5 Biggest Problems That Women Face At Academic Conferences
Attending conferences is an important part of any academic career. However, they can provide challenges that women in academia must overcome. Here are five of the biggest problems which women face at academic conferences.
1.Being less likely to be accepted to present than men
It's a sad fact that gender discrimination is still rife in academia, and conferences are no exception to this. Studies have found that submissions of papers to present at a conference were rated as less good when the author had an identifiably female name than when the same paper was submitted but no author name was given. The evidence suggests that this problem is particularly pronounced in fields which are more male-dominated. The lack of women presenting at conferences leads to a perception that there are no women working in the field, and this lack of representation is harmful to others, especially women who are just starting out in their careers. Some conferences now mandate a certain proportion of their speakers be women, to help mitigate this effect.
2.Being taken less seriously than men during discussions
Another common finding of gender bias in conferences is regarding the amount of exposure which men and women get. Even when equal numbers of men and women are participating in a discussion, women speak for less time than men and are less likely to ask for longer time slots when they present. In fact, studies estimate that women spend about 20% less time talking than men do. This has broad implications for women in academia as it has been shown that exposure at conferences increases the visibility of a researcher's work, so women are missing out on the opportunity to boost their profile.
3.Issues with the dress code
It may sound silly, but the expected standards of attire can pose a real problem for women at academic conferences. It's generally expected that people will dress a little more formally than usual for a conference, however, in lots of fields it's no big deal if a man chooses to wear casual clothes. For women, however, it's trickier. If a woman dresses in a casual way, she risks people assuming that she doesn't take her job seriously or that she's unprofessional. However, if she dresses up too much then people may judge her as shallow, vain, or out of touch. It's difficult for women to strike a balance where they are perceived as being dressed appropriately. The best way to deal with this is to observe the norms of the field and of the conference – what are other women wearing? - and then try to match your style to that.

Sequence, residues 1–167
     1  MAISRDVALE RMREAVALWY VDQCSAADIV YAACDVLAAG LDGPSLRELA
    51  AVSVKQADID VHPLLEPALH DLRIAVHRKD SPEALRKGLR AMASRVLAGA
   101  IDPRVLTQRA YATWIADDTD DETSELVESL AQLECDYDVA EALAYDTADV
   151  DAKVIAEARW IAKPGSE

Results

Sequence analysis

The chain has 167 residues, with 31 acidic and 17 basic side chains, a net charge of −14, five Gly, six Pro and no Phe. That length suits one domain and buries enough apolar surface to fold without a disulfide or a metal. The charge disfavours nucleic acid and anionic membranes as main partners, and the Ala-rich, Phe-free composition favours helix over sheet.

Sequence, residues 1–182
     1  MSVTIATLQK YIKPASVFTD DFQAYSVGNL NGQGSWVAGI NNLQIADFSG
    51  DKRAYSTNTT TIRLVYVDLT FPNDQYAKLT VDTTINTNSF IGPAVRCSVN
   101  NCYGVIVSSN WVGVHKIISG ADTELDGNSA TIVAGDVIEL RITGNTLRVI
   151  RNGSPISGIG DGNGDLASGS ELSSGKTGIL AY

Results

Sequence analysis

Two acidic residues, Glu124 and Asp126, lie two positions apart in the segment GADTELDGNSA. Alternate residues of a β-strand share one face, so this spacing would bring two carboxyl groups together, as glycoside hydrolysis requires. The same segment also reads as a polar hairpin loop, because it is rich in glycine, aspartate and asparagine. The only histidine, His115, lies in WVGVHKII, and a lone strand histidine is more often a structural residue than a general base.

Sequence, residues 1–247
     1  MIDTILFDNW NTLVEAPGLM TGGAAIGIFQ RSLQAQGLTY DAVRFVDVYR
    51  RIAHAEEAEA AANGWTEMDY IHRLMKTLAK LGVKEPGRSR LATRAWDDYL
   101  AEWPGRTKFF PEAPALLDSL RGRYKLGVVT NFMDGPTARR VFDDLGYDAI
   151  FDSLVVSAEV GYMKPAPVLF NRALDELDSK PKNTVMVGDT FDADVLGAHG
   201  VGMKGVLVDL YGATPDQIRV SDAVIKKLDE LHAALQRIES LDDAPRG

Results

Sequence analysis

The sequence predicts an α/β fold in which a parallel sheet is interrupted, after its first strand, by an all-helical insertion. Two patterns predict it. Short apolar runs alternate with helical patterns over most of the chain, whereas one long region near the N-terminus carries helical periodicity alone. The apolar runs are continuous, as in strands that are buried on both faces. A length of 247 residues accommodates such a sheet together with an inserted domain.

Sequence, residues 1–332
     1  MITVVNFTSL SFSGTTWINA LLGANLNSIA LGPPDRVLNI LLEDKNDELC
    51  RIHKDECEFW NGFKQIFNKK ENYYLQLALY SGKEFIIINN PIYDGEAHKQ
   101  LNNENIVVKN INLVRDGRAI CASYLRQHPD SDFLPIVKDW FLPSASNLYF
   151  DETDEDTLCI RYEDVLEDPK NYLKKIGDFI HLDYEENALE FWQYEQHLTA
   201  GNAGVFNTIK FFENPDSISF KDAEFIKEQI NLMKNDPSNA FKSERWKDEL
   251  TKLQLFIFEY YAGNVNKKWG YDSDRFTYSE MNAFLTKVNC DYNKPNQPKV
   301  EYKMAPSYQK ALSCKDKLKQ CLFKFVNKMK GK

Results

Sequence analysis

4.Balancing social and professional responsibilities
Academic conferences are important for career prospects, not just because you get to learn about the latest research and debate it with others in your field, but also because of the opportunities they present for networking and making social connections with other academics. As such, it's arguably just as important to go to the conference dinner as it is to attend the keynote lecture. So you need to be able to present yourself in social contexts as well as professional ones. Unfortunately, this is another area where women are judged more harshly than men – a woman who is not sociable enough is consider cold and distant, while one who is very friendly risks being labelled as flirtatious or ditzy. One way to combat this is to make an effort to talk to other women at social events and to support each other socially as well as professionally.
It's an uncomfortable truth that sexual harassment of women at academic conferences continues to happen, and it is often severely under-reported and not taken seriously when it is reported. Experiencing or observing sexual harassment undermines women's confidence in their safety and comfort in academic settings, and can bring up feelings of inadequacy, betrayal, and loss of confidence. Some conferences are now instigating codes of conduct and anti-harassment policies to combat this problem. When conference organisers make clear what types of behaviour are unacceptable, it is easier for women to see clearly when they are being harassed. However, it's important that the system for reporting harassment at conferences is also made explicitly clear and is respected by all participants.
How To Make The Most of Your Conference Trip
Attending a conference can be a fun and exciting chance to visit a new place, to connect with peers and senior figures, and to learn about the latest development in your field. But it can also feel overwhelming to have a lot of events packed into a few days. Today we're sharing tips on how to make the most of your conference experience. If you're looking for a conference to attend in the near future, check out our conference listings on ConferenceMonkey.
How to choose the right conference for me
With so many great conferences being held every year, it can be hard to decide which you should attend. Most researchers have a limited budget for conference travel, so it's important to pick your conferences wisely. But how do you know which conference is right for you and for your career? Here are five factors to consider when choosing a conference to attend. National or international?
Academizing During Your First Academic Conference
There was a certain naiveté in the air when I went to my first academic conference. I thought that all I would have to do is to write a decent paper and to present it to the public. In retrospect this could have ended badly and I wish someone had intercepted me on the way to the airport and given me some key-warnings to know in advance. Thus, after this multifaceted experience, I thought to write the following points in a humble and only half-serious manner.